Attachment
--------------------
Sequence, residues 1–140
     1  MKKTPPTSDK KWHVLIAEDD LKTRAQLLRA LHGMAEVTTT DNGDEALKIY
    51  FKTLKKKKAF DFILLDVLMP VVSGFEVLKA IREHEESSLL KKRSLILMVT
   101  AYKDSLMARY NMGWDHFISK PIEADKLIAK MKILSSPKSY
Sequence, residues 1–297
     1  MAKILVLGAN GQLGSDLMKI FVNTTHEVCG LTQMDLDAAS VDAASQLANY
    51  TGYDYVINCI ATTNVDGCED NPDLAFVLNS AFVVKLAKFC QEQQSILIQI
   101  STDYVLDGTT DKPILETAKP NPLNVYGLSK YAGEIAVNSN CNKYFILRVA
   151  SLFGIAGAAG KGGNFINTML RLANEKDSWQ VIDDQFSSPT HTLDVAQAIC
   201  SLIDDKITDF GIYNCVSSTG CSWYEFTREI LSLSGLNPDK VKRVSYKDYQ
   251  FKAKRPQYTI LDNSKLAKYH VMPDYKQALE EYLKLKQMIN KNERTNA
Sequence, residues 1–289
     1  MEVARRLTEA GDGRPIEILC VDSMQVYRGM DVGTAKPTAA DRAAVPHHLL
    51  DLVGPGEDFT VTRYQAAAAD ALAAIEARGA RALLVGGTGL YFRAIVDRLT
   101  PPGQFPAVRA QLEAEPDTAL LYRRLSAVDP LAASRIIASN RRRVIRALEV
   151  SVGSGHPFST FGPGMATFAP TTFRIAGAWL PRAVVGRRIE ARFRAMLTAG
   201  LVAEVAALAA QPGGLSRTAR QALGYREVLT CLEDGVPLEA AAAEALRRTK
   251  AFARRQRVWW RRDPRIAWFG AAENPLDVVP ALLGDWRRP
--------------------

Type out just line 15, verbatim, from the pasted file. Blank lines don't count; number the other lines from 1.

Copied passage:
   101  PPGQFPAVRA QLEAEPDTAL LYRRLSAVDP LAASRIIASN RRRVIRALEV